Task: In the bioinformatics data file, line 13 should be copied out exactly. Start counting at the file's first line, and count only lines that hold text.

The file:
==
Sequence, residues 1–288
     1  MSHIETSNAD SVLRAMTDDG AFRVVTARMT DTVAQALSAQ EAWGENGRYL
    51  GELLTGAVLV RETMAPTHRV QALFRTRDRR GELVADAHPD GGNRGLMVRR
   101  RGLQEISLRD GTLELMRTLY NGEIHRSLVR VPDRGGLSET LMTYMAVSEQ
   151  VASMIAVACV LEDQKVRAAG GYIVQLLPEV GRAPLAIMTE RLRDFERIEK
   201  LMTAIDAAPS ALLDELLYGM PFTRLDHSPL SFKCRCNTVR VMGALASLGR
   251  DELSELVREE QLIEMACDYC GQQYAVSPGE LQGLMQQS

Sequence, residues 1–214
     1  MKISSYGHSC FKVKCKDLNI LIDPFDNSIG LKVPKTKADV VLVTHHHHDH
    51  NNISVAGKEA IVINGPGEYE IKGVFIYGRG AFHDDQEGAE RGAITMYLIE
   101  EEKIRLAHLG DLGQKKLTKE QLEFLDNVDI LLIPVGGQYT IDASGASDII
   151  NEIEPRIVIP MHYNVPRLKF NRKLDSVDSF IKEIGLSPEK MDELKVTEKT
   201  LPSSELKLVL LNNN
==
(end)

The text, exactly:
   201  LPSSELKLVL LNNN